Care-changing Clinical Trials promises to deliver on results of research that could forever change the landscape of interventional radiology. In Interventional Oncology: Technical and Clinical Controversies, Riccardo Lencioni, M.D., Ph.D., and Michael C. Soulen, M.D., FSIR, will explore the impact of interventional oncology. A categorical course moderated by Kieran J. Murphy, M.D., FSIR, features leading international spine and bone intervention experts who will discuss the future of spine intervention and the interventionalists' role as inventors, creators and scientists. Ziv J Haskal, M.D., FSIR, will coordinate Extreme IR, that will showcase the exciting cross-platform/cross-disease abilities of the specialty to define new solutions—often on the spot. Jeff H. Geschwind, M.D., FSIR, will moderate the featured symposium, IO 2012: What the Interventional Oncologist Needs to Know, a look at new and targeted chemotherapy agents, tailoring therapy based on biomarkers, communicating with cancer patients and tumor response as well as future trends.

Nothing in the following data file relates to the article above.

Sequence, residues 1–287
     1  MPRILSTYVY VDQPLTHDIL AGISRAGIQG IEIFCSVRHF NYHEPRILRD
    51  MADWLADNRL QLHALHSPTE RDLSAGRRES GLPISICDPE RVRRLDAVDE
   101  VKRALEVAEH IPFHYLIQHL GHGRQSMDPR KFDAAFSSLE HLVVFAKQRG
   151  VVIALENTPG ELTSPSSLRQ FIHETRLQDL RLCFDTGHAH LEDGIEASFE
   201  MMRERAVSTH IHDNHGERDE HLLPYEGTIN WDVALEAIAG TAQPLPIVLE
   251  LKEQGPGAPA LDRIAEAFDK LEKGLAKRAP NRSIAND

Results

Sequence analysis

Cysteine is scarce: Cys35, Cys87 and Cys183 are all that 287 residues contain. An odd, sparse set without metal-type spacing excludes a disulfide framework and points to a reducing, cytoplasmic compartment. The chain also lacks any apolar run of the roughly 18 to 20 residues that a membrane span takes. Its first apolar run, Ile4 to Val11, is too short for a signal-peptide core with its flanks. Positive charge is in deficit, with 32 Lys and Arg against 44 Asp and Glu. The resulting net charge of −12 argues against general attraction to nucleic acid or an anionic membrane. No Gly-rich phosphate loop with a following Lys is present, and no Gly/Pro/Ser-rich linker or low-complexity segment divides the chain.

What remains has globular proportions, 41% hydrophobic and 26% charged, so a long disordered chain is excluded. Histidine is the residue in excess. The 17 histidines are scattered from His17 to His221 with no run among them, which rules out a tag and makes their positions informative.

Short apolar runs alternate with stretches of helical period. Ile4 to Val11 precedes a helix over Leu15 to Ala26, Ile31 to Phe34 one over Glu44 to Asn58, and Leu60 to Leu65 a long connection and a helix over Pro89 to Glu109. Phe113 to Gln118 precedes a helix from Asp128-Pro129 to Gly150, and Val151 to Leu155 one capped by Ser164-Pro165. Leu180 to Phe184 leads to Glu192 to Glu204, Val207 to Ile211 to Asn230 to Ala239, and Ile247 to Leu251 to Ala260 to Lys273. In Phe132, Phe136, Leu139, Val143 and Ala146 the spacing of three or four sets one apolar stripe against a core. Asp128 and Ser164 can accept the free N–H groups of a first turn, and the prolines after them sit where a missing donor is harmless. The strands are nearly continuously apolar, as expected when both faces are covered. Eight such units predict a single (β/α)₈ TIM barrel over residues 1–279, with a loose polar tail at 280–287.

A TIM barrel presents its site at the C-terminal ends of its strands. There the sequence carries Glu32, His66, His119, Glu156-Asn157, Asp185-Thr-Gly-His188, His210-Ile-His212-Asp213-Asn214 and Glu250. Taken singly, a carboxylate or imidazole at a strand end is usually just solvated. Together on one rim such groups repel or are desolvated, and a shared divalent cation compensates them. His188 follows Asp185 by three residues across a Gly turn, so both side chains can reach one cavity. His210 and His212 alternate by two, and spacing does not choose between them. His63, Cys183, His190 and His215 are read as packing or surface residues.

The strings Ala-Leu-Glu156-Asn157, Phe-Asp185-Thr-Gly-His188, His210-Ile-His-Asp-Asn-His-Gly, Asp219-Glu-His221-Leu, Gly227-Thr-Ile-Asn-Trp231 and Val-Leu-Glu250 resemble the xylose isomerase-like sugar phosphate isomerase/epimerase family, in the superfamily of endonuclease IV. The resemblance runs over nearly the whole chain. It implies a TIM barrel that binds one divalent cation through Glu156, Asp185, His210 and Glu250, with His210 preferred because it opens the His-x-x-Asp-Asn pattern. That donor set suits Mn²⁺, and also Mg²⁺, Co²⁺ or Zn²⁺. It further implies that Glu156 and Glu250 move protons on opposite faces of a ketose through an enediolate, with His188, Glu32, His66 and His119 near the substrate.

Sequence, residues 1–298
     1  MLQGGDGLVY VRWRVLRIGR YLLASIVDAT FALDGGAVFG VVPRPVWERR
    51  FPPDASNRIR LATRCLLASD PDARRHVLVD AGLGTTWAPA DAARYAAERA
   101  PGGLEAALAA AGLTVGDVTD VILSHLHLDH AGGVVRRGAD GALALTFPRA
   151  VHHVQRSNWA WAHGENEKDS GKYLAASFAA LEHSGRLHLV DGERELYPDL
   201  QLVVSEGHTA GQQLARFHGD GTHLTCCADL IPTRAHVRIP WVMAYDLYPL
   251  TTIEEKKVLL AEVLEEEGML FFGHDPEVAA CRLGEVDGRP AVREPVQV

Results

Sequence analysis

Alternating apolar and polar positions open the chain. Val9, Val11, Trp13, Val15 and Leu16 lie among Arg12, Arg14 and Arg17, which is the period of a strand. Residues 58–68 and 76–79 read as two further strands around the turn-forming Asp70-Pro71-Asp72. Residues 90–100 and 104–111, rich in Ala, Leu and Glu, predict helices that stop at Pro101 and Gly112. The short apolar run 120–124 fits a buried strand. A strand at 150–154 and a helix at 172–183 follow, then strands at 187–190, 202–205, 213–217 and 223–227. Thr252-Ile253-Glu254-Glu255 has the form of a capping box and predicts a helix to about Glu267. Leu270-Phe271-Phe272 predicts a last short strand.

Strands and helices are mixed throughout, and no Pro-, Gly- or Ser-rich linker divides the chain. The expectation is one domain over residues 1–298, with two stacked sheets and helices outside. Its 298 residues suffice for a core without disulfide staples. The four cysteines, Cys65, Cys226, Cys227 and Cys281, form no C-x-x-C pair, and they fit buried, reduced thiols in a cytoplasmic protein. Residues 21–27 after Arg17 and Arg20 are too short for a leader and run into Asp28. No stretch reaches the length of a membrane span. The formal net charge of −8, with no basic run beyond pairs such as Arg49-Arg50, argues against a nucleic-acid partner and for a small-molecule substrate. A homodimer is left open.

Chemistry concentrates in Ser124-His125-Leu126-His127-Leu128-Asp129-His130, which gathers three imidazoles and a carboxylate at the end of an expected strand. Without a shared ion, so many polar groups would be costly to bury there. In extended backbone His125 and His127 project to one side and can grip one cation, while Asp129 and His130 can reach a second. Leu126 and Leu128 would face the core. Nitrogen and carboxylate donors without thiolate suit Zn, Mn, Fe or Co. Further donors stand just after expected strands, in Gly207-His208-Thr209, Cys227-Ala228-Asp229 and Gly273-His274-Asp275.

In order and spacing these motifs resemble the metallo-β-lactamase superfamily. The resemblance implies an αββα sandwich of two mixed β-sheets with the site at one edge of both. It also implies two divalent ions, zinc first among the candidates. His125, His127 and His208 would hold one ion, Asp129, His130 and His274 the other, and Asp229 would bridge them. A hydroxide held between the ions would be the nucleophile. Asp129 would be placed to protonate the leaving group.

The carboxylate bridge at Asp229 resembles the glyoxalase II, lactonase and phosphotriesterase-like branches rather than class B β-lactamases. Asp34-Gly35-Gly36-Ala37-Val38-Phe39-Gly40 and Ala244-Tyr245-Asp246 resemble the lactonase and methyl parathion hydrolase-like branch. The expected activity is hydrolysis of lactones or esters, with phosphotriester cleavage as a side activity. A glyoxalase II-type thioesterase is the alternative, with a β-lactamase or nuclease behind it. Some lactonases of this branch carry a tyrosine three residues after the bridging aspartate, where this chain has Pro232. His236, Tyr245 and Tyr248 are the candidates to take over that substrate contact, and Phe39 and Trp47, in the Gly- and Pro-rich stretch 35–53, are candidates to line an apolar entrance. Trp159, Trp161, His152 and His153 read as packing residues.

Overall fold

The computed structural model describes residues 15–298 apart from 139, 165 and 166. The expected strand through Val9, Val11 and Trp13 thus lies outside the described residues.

As the society's 28th Dr. Charles T. Dotter lecturer, John A. Kaufman, M.D., M.S., FSIR, will deliver "IR 360," during the plenary Integrated Practices and IR: Opportunities for Program Development. Kaufman will explore the many ways interventional radiology is seen by patients, competing disciplines and policy makers. He will illustrate some of the ways in which this knowledge can prepare interventional radiology for the future.
The SIR 2012 Gold Medals, awarded to members who have helped ensure the future of interventional radiology by advancing the quality of medicine and patient care, will be presented during the annual Film Panel, a popular SIR event where teams of interventional radiologists from around the world compete in their knowledge of the history of interventional radiology, imaging, devices, techniques and patient management. The SIR Foundation Awards and Journal of Vascular and Interventional Radiology Editor's Awards will also be presented during this panel.